The number of older adults with intellectual and developmental disabilities (IDD) is growing and will continue to expand as the baby boom generation moves into older adulthood. This descriptive analysis provides information on the characteristics and outcomes of a subsample of individuals with IDD aged 55 and over in the 2018-2019 National Core Indicators In Person Survey. Selected findings are compared to characteristics of the general population as measured by the National Health Interview Survey (NHIS). Findings suggest the older adults with IDD are more isolated, have smaller social networks than their younger peers, and have less access to transportation to get where they want to go. Further, the NCI data show that those over 55 are more likely to have vision and hearing challenges than the general public, have a greater need for mobility supports, and are more likely than the general population to have a mood and/or anxiety disorder. The analysis concludes with recommendations for policy and practice that anticipate the supports necessary as people with IDD enter their later years including targeted assessments, accessible housing, and the use of “smart” technology.

Plain Language Summary

Older We did a study of the needs of older people with intellectual and developmental disabilities (IDD). That helped us to understand ways to help them. Every year we survey adults with IDD to find out about their lives. The survey includes people from around the country. The survey gives us information about peoples' ages and where they live. We also ask them if they have health problems. People tell us whether they have friends and if they go out and do things they like. They tell us whether they make choices and if they have a job. We ask them what they do during the day. We used what people told us in 2018 and 2019 for this study.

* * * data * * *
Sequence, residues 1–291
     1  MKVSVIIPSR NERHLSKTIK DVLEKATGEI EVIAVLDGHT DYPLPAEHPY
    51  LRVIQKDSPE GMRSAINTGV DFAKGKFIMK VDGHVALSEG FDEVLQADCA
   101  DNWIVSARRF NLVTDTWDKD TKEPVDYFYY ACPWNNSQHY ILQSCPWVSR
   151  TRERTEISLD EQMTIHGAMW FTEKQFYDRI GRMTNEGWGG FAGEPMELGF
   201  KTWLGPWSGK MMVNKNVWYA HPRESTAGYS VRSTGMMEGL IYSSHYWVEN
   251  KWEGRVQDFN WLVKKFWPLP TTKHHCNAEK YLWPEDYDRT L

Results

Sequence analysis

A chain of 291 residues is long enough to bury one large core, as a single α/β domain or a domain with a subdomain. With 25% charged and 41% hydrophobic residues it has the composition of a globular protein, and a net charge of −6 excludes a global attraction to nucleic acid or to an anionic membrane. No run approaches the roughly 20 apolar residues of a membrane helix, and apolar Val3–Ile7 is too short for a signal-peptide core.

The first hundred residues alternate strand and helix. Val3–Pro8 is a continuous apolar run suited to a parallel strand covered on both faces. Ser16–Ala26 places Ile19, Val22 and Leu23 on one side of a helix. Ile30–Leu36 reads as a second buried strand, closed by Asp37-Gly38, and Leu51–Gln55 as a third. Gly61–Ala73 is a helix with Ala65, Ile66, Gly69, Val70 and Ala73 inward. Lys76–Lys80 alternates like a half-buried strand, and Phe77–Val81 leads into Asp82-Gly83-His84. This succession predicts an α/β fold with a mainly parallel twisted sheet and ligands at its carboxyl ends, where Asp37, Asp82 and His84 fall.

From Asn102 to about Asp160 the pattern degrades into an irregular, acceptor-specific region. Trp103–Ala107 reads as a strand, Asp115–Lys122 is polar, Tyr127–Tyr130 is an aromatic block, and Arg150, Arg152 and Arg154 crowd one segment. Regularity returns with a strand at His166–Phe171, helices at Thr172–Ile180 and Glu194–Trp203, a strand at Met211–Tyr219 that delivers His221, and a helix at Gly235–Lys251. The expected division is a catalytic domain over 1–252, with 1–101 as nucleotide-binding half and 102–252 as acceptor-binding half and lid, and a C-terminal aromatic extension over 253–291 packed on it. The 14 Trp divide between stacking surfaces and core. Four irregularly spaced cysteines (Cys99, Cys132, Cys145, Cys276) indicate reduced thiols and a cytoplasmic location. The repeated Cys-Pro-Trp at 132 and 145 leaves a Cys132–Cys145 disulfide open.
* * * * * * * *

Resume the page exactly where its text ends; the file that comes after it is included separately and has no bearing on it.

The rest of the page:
We focused on people in the survey who were over 55 years old. That way we could get a picture of their particular needs. Do older people with IDD have more health issues than other older adults? Our study showed that the answer is yes. They have more trouble seeing and hearing. They have more trouble walking and getting around. They get more anxious and depressed than people without learning problems. They also show signs of old age-- like forgetting things -- sooner than other older people. They have fewer friends than younger people with IDD. They are less likely to have a job. They don’t spend as much time doing things in their community. That may be because sometimes they can’t get a ride to get where they want to go.

How can we help older people with IDD? Here are some suggestions. There should be better planning. We should find better ways to find out about their health. We should find houses for them where they don't have to climb stairs. They should have iPads and phones, so they can stay in touch with friends. Other devices can remind them to take medication. Cameras in their houses can tell us whether they are okay. Their staff should know how to help older people to stay healthy and happy. They should get rides when they want to go places.